Lazada covers six countries -- Indonesia, Malaysia, the Philippines, Singapore, Thailand and Vietnam -- and runs 12 warehouses and 92 distribution centres from which it conveys goods directly to buyers.
It counts Kerry Logistics Network and DHL in Thailand and JNE Express in Indonesia among its more than 100 logistics partners. It has also teamed up with China’s state postal service and CJ Korea Express Corp.
In September, Lazada’s volume in Indonesia grew 2.5 times from a year ago.
Lazada is looking at building a better, more sophisticated logistics capability.
The world is shifting toward borderless e-commerce system and that’s very much the vision of Alibaba and Lazada.
ONLINE GROCERIES COMING TO THAILAND SOON
Now that RedMart’s given Lazada a foothold in Singapore, Lazada also plans to begin selling groceries online in one of the capital cities of Malaysia, Indonesia or Thailand as early as the second half of 2017.
RedMart has more than 150 trucks ferrying an average of 22 food items from chocolate to frozen dumplings per order.
It plans to cut delivery times to four to six hours (from mostly next-day) by the end of the first half of 2017.
By the second half, the company will offer an express service, shipping groceries within an hour or two of ordering online.
Grocery is seen as notoriously difficult one to do online, but it’s the largest market representing 60% of overall Southeast Asian retail.
Customers are much more engaged. They visit a store twice a week so the frequency allows you to develop a deep relationship with customers.
ambition : the desire or determination to be successful, rich, powerful, etc; something that you want to do or achieve very much - ความทะเยอทะยาน, ความปรารถนาอันแรงกล้า
arena : an area of activity that concerns the public, especially one where there is a lot of opposition between different groups or countries - เวที
average : an amount calculated by adding several amounts together, finding a total, and dividing the total by the number of amounts - เฉลี่ย, ค่าเฉลี่ย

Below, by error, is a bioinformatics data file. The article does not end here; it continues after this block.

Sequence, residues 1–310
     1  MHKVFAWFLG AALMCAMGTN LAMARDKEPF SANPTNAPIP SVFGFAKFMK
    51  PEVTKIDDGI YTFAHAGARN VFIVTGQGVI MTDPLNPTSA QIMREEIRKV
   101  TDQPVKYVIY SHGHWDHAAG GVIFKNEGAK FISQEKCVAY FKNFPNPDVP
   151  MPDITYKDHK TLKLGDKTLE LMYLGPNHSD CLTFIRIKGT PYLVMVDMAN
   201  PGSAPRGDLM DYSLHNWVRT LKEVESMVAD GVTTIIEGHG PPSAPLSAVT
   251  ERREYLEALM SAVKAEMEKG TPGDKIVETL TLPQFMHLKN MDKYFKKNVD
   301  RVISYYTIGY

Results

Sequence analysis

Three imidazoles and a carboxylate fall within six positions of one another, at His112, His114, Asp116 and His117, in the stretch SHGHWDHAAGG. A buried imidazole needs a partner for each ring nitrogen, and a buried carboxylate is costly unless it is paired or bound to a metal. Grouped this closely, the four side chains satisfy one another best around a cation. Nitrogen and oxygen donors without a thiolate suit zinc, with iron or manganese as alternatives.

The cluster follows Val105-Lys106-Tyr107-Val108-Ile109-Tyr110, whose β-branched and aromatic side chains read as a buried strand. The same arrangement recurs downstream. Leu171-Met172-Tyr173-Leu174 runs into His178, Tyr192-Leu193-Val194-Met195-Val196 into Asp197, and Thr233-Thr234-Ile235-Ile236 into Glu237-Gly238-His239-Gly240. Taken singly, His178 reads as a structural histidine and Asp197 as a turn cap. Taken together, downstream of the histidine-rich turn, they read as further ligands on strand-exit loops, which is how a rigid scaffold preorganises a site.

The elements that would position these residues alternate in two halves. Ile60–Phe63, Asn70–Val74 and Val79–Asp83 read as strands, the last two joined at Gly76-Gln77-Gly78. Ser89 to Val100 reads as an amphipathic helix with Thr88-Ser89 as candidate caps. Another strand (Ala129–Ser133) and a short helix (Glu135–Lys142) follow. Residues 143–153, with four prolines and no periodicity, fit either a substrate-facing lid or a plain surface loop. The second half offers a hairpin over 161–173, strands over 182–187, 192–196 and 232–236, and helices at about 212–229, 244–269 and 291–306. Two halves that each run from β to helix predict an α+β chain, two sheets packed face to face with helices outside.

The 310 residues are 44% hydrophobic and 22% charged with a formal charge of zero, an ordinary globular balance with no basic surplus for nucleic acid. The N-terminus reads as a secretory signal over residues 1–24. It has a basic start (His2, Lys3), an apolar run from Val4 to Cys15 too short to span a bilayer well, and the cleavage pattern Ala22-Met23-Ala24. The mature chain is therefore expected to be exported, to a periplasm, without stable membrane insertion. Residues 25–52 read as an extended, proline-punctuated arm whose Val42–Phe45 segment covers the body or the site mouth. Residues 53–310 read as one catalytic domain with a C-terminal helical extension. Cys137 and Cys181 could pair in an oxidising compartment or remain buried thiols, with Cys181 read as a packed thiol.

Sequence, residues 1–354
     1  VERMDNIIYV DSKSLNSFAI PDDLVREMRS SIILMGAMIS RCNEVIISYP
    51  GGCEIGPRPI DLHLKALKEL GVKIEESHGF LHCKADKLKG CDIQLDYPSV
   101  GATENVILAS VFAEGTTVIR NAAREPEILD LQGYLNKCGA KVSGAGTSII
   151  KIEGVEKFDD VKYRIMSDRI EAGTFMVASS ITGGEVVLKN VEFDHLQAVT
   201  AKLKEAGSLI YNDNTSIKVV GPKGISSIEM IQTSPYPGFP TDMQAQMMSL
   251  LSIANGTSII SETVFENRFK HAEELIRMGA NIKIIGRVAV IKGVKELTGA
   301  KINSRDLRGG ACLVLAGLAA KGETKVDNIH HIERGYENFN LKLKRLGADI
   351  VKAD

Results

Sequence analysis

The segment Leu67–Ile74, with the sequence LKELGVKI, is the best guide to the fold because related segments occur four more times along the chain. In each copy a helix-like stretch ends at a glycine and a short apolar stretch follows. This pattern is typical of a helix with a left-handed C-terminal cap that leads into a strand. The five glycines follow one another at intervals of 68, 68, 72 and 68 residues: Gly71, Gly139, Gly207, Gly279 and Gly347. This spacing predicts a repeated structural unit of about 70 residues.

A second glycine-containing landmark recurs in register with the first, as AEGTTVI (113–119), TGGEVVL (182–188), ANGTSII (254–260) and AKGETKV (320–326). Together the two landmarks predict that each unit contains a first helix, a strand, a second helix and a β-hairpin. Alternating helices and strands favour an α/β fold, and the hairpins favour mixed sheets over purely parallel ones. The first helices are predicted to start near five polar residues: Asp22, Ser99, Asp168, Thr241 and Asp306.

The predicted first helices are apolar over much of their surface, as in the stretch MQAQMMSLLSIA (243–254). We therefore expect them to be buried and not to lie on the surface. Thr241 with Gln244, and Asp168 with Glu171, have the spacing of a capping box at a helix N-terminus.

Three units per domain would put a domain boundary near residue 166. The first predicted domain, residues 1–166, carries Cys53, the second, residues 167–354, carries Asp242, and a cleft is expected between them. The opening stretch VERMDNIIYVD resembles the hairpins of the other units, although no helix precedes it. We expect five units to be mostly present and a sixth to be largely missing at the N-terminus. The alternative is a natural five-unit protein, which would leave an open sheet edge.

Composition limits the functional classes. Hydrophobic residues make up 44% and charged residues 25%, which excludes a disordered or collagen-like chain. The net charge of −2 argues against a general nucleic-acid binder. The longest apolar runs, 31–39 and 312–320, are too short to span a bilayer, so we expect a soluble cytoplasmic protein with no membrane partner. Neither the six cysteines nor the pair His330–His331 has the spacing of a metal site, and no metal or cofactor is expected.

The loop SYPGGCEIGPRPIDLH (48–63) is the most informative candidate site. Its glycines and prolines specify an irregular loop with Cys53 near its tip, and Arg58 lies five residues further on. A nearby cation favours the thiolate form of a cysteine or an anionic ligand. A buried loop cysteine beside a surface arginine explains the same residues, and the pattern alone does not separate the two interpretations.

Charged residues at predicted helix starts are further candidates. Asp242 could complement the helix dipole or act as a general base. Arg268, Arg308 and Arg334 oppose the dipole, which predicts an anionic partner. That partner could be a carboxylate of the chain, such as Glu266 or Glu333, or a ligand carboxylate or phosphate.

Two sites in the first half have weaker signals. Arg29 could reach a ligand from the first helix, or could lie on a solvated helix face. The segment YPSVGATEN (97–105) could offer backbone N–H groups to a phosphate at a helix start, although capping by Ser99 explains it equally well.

battleground : a place where a battle (a major fight, especially in war, but in this case against a flood) is being fought or has been fought - สนามรบ, แนวรบ
chief executive officer (CEO)
in anticipation : the fact of seeing that something might happen in the future and perhaps doing something about it now - ความคาดหมาย,ความมุ่งหวัง,การทำล่วงหน้า
incursion (noun): the sudden appearance of something in a particular area of activity that is either not expected or not wanted - การบุกรุก, การรุกล้ำ
infrastructure : a set of systems within a place or organisation that affect how well it operates, e.g., the telephone and transport systems in a country or the system of train tracks that a railway uses - สาธารณูปโภค
local : in or related to the area that you live, or to the particular area that you are talking about - ท้องถิ่น
logistics : the practical arrangements that are necessary in order to organise something successfully, especially something involving a lot of people or equipment - การส่งกำลังบำรุง
make their mark
partner : one of the people who owns a business and shares the profits, etc or works together with another business in an activity - หุ้นส่วน, ผู้ร่วมมือ,
shaping up to be
shore up (verb): to help to support something, often that something that has problems or that is weak and in danger fo failing - ยัน, พยุง, เสริม
supply chain (noun): the series of processes involved in supplying a product to someone, including the companies that manufacture all the parts going into a product - โซ่อุปทาน, สายโซ่อาหาร, ห่วงโซ่อุปทาน
teamed up with
vision : the ability to imagine how a country, society, industry, etc. could develop in the future and to plan in a suitable way - วิสัยทัศน์
voiced : said what you think about a particular subject, especially to espress a doubt, complaint, etc. that you have about it - แสดงความคิดเห็น